Coquitlam plans to boost development fees

Would add $3 per square for condos, $5,500 for typical new house

Community Amenity Contribution fees were tested in Burquitlam area, where home building has soared as the Canada Line readies to open | Photo: Chung Chow

The City of Coquitlam plans on expanding and increasing its Community Amenity Contribution (CAC) fees for new home developers after a successful pilot program in the bustling Burquitlam-Lougheed area.

Similar to Vancouver, CAC income would be earmarked to help pay for parks and recreation facilities in Coquitlam.

“In the next 25 years, [the region] is going to absorb a million people,” said Mayor Richard Stewart. “We will have to meet their demand for housing and we are going to need to create neighbourhoods with amenities that support that population.”

If the expansion of the CAC program is approved by council, developers would contribute $3 per square foot for all new multi-family floorspace on top of the density that already exists on a parcel of land. Single-family home developers would be expected to contribute $5,500 for all lots greater than 4,000 square feet, while smaller parcels would pay $4,800.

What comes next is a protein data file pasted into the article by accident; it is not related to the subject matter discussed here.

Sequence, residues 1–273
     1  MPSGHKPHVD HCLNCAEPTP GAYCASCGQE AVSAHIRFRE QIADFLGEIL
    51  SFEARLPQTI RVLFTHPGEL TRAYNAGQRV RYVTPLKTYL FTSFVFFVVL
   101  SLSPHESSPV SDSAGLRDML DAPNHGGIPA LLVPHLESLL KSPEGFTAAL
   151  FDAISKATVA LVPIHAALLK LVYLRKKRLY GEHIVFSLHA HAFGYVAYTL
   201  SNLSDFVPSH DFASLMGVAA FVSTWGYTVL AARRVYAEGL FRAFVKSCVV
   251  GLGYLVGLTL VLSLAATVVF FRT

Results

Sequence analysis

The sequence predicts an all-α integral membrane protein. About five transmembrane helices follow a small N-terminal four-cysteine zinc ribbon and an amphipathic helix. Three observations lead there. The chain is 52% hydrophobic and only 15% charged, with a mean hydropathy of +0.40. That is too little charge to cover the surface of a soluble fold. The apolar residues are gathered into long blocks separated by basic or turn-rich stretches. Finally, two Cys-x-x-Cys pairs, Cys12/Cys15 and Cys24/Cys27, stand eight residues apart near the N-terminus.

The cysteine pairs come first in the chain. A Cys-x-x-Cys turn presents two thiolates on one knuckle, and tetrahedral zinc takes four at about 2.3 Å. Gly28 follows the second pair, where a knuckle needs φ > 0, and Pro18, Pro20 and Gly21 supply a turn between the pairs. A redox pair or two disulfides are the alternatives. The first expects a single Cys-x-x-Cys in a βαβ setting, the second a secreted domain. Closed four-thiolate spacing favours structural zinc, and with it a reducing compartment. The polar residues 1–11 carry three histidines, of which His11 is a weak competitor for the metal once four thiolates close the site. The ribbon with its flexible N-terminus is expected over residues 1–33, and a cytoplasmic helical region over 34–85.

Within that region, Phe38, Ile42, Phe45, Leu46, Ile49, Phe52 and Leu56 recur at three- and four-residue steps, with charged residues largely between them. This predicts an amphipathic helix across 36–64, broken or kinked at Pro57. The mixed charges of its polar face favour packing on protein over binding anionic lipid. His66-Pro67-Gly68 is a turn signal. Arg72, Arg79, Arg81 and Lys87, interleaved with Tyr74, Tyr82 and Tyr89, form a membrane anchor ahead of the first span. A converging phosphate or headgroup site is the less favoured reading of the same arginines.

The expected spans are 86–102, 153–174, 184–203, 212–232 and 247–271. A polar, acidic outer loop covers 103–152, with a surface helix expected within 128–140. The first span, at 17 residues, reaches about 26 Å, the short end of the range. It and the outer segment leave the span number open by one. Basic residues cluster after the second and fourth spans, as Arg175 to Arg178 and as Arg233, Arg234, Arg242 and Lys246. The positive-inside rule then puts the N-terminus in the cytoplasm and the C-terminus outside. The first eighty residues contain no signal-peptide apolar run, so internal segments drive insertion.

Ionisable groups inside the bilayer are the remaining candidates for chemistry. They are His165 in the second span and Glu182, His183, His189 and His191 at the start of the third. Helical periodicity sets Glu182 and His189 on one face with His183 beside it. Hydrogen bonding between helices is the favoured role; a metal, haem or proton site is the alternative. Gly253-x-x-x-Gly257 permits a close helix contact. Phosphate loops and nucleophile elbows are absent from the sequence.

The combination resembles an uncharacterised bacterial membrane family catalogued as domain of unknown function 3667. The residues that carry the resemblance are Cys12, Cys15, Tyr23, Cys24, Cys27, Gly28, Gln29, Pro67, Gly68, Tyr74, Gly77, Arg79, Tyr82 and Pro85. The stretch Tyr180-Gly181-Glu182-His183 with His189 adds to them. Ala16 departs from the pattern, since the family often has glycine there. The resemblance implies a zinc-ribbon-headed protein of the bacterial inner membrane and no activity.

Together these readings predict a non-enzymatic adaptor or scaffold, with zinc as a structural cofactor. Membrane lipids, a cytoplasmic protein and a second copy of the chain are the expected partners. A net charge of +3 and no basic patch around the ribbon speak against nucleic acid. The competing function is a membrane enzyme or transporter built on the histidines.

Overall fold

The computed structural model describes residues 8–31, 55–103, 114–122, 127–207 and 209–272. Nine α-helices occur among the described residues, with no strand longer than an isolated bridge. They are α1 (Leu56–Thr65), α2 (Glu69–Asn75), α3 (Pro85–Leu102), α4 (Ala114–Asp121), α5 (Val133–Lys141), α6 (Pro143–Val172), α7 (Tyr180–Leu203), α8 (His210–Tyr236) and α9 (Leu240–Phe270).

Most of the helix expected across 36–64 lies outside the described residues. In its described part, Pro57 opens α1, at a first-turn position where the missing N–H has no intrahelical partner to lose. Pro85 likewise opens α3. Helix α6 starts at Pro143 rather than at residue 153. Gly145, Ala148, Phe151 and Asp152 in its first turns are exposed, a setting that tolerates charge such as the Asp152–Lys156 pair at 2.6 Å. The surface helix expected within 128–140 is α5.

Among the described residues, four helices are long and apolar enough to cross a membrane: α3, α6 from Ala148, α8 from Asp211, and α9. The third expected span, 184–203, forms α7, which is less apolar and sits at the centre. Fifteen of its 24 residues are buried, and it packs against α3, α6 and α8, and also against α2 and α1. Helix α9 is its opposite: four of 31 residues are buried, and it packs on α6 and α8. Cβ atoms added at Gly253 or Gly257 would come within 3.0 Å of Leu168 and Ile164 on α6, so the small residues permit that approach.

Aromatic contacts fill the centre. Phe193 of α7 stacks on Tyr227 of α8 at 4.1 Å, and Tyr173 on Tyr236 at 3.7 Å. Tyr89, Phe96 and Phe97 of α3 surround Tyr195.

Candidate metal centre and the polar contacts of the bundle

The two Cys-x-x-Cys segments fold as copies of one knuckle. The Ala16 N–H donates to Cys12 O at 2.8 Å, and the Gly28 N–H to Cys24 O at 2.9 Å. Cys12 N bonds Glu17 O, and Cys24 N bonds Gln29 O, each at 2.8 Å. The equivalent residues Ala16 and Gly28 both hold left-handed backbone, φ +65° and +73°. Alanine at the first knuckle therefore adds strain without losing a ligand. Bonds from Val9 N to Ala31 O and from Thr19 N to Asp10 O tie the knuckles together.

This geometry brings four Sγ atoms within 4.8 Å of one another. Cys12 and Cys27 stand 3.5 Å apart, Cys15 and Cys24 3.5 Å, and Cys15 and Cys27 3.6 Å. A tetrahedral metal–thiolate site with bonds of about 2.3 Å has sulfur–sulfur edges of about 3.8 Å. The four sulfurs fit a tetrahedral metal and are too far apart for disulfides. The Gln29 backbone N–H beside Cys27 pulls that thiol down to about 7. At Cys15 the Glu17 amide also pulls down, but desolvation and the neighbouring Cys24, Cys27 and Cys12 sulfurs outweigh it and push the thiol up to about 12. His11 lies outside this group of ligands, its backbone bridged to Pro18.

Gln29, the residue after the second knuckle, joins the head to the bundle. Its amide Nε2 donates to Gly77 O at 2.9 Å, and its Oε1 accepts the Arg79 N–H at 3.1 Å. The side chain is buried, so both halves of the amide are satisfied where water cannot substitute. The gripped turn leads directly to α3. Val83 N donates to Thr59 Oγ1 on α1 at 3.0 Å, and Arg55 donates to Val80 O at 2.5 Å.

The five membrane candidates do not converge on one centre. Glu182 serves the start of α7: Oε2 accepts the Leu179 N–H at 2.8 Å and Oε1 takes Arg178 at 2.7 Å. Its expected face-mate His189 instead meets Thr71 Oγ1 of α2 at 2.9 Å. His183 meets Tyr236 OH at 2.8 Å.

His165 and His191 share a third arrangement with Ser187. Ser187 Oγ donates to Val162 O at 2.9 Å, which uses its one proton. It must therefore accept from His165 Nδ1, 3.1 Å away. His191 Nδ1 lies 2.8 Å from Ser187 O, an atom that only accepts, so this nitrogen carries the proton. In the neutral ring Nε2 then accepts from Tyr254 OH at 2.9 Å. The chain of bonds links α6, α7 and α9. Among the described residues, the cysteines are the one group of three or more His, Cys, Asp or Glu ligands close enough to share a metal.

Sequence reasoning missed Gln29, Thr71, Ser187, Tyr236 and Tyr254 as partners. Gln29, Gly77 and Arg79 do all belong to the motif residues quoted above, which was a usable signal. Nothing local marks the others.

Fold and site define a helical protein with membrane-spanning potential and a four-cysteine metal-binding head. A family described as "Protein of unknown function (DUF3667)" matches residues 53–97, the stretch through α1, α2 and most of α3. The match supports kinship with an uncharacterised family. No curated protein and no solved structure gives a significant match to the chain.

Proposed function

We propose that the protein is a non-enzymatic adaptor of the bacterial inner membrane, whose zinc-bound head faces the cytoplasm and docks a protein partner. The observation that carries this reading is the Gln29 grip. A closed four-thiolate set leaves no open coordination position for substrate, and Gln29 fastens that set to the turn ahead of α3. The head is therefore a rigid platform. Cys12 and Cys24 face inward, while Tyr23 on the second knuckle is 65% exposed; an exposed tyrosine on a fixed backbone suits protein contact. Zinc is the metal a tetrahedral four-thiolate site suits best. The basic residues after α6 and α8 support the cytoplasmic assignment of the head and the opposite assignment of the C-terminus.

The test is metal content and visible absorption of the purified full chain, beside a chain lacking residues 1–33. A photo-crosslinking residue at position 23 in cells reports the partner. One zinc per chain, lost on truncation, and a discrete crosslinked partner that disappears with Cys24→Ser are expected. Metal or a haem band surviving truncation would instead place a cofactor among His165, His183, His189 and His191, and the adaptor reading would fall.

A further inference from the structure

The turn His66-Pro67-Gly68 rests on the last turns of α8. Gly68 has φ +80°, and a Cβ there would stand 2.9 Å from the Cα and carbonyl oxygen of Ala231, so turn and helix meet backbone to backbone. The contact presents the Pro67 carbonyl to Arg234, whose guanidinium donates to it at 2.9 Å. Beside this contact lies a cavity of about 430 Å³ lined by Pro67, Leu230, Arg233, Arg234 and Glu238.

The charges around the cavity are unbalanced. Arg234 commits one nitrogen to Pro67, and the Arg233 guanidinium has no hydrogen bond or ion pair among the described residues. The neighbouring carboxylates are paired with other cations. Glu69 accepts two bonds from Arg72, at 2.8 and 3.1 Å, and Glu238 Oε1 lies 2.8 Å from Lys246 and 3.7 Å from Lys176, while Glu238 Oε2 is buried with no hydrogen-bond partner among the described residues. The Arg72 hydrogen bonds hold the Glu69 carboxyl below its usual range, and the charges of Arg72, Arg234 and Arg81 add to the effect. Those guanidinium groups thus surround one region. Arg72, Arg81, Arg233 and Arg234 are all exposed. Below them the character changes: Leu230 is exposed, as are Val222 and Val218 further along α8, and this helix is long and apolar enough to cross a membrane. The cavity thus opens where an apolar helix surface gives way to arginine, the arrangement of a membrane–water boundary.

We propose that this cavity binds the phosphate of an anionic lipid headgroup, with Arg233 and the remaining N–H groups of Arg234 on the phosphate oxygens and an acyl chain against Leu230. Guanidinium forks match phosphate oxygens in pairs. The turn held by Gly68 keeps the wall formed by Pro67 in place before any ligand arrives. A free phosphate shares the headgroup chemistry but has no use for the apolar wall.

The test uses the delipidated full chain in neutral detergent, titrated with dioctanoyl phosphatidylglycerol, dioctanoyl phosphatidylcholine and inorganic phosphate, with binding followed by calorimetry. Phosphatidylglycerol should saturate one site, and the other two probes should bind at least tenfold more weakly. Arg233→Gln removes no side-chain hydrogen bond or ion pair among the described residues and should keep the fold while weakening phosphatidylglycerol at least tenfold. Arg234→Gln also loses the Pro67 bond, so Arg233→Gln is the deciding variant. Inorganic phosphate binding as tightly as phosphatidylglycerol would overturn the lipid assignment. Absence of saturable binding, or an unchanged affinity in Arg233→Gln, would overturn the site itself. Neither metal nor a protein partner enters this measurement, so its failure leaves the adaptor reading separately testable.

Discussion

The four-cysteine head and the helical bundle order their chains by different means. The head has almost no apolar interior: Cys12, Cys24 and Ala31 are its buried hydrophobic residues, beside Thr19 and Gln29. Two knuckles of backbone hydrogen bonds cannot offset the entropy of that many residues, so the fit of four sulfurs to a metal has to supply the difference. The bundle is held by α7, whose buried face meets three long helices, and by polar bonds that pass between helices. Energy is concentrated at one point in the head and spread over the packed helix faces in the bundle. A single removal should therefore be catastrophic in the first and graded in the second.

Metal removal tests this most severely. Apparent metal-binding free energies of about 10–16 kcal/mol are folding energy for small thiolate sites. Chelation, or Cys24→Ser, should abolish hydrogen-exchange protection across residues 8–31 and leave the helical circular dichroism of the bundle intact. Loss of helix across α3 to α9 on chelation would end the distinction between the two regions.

Staff estimate the program would raise $3.4 million annually, or approximately $103 million for new parks and civic facilities over the next 30 years.

If CACs do cause real estate prices to rise, as some suggest, the increase would be marginal based on estimates included in a Coquitlam city staff report. 

The document noted that for single-family homes, the price to build per square foot would rise 0.4%, from $225 to $226, while the per-square foot construction costs for townhouses would rise 1.5%, from $195 to $198. A four-storey wood-frame building would see a 1% increase from $295 to $298 while 16- to 22-storey structures would increase 0.8% from $365 to $368 per square foot. 

Coquitlam planning and development general manager Jim McIntyre said CACs are contributions — not mandatory payments — and that a municipality cannot legally force a developer to pay. But he said the city has some latitude when it comes to compelling a proponent to contribute, noting that “council is not obligated to approve every re-zoning.”

McIntyre said that the uptake has been 100% in the Burquitlam-Lougheed neighbourhood, which has seen a rush of condominium development linked to the Canada Line extension. He said most developers prefer the fixed rate rather than the one-off negotiations that are sometimes seen in other municipalities, including Vancouver.

Coquitlam’s new CAC structure on residential development is expected to come into effect early in 2016, pending council approval.

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